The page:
PORTLAND, Ore. (AP) — The Portland Police Bureau is reviewing the actions of an officer who was involved in a man's violent arrest last September.
Officer Matt Bigoni threatened three times to shoot the man, 27-year-old Christopher Lee Fish, when he refused to come out of his motor home, The Oregonian/OregonLive reported.
Officers had gone to the motor home to arrest Fish for probation violations.
After about 25 minutes, the officers busted in the door, held him down, punched him and fractured his eye socket and nose.
A judge dismissed a charge that Fish interfered with police, and jurors in February acquitted him of resisting arrest.
A cellphone recording Fish made of Bigoni's threats turned out to be a key piece of evidence at the trial.
At one point, Fish told the officers he wanted time to put on his shoes and smoke a cigarette before coming out.
"Stop moving your hands around, or I'm going to shoot you!" Bigoni said.
Fish responded: "I'm not doing nothing to hurt you guys."
"Stop moving your (expletive) hands or I'm going to shoot you in your head!" Bigoni said.
A lawyer for Fish has notified the city he intends to sue over the arrest.
Sgt. Pete Simpson, a police spokesman, declined to comment on whether the comments were appropriate, citing the internal investigation, but he confirmed the three officers involved in the arrest remain on patrol duty.
The Associated Press could not immediately reach Bigoni for comment Sunday; a phone number listed for a Matt Bigoni in Portland rang busy.
"This is a case about officers who went too far — officers who escalated a peaceful situation and made it violent," said April Yates, a certified law student who represented Fish at his trial.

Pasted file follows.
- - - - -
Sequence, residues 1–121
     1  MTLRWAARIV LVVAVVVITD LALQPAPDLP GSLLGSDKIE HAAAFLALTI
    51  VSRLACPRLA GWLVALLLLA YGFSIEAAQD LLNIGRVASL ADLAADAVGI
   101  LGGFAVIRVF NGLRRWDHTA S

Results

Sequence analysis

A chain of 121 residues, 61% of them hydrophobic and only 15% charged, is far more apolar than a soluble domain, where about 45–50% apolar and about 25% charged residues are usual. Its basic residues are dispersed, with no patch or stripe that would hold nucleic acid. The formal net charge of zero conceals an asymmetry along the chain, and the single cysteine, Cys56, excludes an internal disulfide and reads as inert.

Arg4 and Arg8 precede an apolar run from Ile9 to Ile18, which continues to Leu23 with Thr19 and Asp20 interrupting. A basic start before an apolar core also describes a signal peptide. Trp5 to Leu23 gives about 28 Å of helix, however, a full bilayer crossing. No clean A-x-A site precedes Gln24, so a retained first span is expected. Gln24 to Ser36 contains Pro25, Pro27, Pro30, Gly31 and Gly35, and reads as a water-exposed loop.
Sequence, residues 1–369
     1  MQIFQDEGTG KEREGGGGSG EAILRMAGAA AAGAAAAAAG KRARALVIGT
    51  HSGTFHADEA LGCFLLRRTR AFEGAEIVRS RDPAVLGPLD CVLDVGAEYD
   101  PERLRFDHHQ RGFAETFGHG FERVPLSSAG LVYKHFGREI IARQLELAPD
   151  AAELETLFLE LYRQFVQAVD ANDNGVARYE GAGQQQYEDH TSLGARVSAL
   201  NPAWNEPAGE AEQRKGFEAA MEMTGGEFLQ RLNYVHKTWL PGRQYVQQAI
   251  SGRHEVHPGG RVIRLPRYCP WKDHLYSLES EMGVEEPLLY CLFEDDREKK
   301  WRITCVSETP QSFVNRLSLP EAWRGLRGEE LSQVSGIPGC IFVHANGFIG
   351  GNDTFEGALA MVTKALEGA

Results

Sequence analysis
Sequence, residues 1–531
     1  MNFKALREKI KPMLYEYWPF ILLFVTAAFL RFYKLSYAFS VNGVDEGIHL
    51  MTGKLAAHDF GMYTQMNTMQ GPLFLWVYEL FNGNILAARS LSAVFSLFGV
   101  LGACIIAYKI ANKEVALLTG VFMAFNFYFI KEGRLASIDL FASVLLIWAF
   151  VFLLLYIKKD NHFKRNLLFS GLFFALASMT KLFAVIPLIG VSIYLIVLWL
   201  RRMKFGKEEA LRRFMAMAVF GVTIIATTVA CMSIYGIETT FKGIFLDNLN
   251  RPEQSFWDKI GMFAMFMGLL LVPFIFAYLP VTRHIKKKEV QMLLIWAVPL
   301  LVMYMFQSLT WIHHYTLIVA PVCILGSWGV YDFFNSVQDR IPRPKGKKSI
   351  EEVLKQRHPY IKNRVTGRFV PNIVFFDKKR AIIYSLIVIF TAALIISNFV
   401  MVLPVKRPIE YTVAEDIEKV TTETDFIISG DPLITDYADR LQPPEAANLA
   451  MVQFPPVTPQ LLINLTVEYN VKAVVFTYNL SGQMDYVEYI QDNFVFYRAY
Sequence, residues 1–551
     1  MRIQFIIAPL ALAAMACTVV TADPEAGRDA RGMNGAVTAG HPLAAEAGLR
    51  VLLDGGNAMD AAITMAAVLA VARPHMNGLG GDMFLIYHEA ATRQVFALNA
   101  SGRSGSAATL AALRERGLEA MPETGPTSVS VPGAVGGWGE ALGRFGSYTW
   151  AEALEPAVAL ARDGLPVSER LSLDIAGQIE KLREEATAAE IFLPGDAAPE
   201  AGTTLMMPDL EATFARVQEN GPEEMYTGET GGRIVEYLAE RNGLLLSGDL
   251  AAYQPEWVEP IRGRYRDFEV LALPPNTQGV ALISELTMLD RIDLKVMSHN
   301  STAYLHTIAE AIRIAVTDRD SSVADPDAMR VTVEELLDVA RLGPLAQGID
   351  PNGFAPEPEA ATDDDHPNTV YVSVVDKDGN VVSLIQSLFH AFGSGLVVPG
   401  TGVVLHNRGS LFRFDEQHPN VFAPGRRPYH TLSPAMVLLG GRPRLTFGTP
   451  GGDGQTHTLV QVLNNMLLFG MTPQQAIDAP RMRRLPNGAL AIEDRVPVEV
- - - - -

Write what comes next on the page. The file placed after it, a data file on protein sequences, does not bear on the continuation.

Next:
During the trial, Deputy District Attorney Victor Mercado told jurors that Fish took far too long to get dressed, lied to the police by saying they had found the wrong man and could have ended the entire incident before it got started if he just would have stepped out of the motor home in the beginning.
Police had a warrant for his arrest for failing to meet with his probation officer for an oxycodone conviction and failing to complete domestic-violence counseling for a prior misdemeanor assault conviction.
"His tone in the video is not the tone of someone who is scared," Mercado said. "It is the tone of someone who is flippant, cavalier, defiant."
But Mercado didn't defend Bigoni's statements.
"Let's be clear, Officer Bigoni was unpleasant," he said. "I don't think he comes off well in the video."
Juror Cheryl Barham told The Oregonian/OregonLive that she's glad to hear that Fish has moved forward with plans to sue.
She said the actions of the police officers was disheartening; their testimony during trial was "suspicious" and inconsistent; and it didn't take the six-person jury long to determine that Fish wasn't guilty of the crime charged against him.
"It was shocking to hear and see what they did," Barham said of the officers.
Information from: The Oregonian/OregonLive, http://www.oregonlive.com